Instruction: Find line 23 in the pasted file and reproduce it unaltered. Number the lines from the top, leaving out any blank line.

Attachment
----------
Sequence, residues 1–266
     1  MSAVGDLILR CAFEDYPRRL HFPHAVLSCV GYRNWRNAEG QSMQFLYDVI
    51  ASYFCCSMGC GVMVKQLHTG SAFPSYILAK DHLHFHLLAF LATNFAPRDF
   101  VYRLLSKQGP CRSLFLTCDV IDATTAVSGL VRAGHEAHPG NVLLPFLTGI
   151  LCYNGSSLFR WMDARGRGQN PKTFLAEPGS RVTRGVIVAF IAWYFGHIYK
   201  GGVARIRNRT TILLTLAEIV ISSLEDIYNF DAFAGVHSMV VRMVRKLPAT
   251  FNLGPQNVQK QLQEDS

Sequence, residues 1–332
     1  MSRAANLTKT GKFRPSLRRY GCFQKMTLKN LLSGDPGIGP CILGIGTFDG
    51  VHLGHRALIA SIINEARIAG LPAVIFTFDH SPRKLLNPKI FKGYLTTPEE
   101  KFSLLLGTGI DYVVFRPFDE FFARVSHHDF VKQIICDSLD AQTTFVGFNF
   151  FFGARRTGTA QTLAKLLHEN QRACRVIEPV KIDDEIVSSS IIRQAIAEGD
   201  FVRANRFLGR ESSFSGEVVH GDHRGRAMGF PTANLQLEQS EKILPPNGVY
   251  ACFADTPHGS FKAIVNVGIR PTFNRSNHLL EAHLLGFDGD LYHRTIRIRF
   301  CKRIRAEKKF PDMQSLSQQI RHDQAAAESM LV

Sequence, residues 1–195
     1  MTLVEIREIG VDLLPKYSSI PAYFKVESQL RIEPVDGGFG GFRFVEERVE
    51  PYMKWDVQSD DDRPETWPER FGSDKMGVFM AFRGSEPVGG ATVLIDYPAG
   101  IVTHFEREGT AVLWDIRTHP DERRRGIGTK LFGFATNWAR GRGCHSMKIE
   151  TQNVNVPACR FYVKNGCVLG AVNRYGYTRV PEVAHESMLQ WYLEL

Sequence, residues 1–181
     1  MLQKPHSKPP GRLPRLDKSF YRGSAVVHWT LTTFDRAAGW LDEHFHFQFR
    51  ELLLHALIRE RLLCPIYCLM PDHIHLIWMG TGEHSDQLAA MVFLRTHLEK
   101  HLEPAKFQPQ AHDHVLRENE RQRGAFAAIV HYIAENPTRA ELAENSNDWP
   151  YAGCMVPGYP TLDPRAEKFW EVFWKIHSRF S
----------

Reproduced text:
    51  ELLLHALIRE RLLCPIYCLM PDHIHLIWMG TGEHSDQLAA MVFLRTHLEK